Articles Posted in Product Liability

If pediatricians have their way, the baby walker will soon be a relic of the past.

Baby walkers have traditionally been seen as the perfect toy for a curious infant. Parents were able to let their infants explore a little, convinced they were both safe and picking up a little help learning to walk.

In reality, baby walkers are incredibly dangerous for infants. In addition, they may even contribute to developmental delays — rather than promoting coordination and walking. If pediatricians have their way, baby walkers will soon be thing of the past. They’re already strongly urging parents to get rid of any walkers that they currently have.

Kentucky truck owners may be interested to learn that Ford and the National Highway Traffic Safety Administration have declared 2006 Ford Ranger trucks unsafe to drive. Tests have determined that the trucks have defective Takata air bag inflators that pose an “immediate risk” to drivers and passengers.

In January, a West Virginia man was killed when the air bag in his Ford Ranger exploded. Ford then studied the air bags in 2006 Ranger trucks and found that they have a higher risk of rupturing than air bags in other model years. According to the company and the NHTSA, the vehicles are not safe to drive. As a result, Ford dealers will arrange to have them towed to a service center to have the airbag inflators replaced. The recall involves 33,428 Ranger trucks built between Aug. 5 and Dec. 15, 2005. It also includes 2006 Mazda B-series trucks, which were built by Ford.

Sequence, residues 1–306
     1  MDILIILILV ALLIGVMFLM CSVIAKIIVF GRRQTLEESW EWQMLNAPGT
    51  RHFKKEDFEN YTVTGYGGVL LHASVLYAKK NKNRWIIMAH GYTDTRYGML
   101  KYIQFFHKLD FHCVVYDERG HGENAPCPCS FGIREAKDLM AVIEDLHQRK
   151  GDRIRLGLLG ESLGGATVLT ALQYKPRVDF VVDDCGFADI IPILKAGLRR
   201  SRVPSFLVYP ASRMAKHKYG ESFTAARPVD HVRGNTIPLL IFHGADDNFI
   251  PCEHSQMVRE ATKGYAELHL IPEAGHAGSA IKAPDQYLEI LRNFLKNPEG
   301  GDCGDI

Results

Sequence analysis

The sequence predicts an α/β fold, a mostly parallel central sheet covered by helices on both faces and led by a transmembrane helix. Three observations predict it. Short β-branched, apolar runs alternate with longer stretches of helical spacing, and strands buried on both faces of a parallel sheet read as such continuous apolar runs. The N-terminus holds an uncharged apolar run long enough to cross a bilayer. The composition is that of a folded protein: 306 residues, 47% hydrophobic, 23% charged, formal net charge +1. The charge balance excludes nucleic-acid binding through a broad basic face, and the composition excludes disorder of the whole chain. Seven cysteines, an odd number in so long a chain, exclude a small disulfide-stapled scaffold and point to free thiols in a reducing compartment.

Nearly 70 million Takata air bag inflators have been recalled throughout the United States. The air bags inflate by using ammonium nitrate to trigger a tiny explosion. However, the chemical can deteriorate over time and become volatile, causing it to blow apart a metal canister within the air bag and send shrapnel flying into the vehicle’s passenger cabin. The airbags have been linked to the deaths of at least 22 people worldwide. More than 180 people have suffered injuries.

While the number of automotive recalls in 2017 has not yet been officially determined, it will likely not approach the figure posted in 2016. In fact, Automotive News has stated that 2016 was an all-time record, with 53.1 million vehicles being recalled in the U.S. In comparison, there were 50.8 million vehicles recalled in 2015, marking a 4.5 percent increase. Kentucky motorists should be aware of why 2016 saw such a spike.

One major factor was the Takata airbag recall. Takata Corporation recalled over 20 million airbags, and continues to recall them, because of defective inflators. The airbags were discovered to explode upon impact, injuring or killing the vehicle’s occupants with metal shards. That year, General Motors Company was also recalling vehicles with faulty ignition switches. These switches would turn off the engine and disable the airbag, power steering, and other features.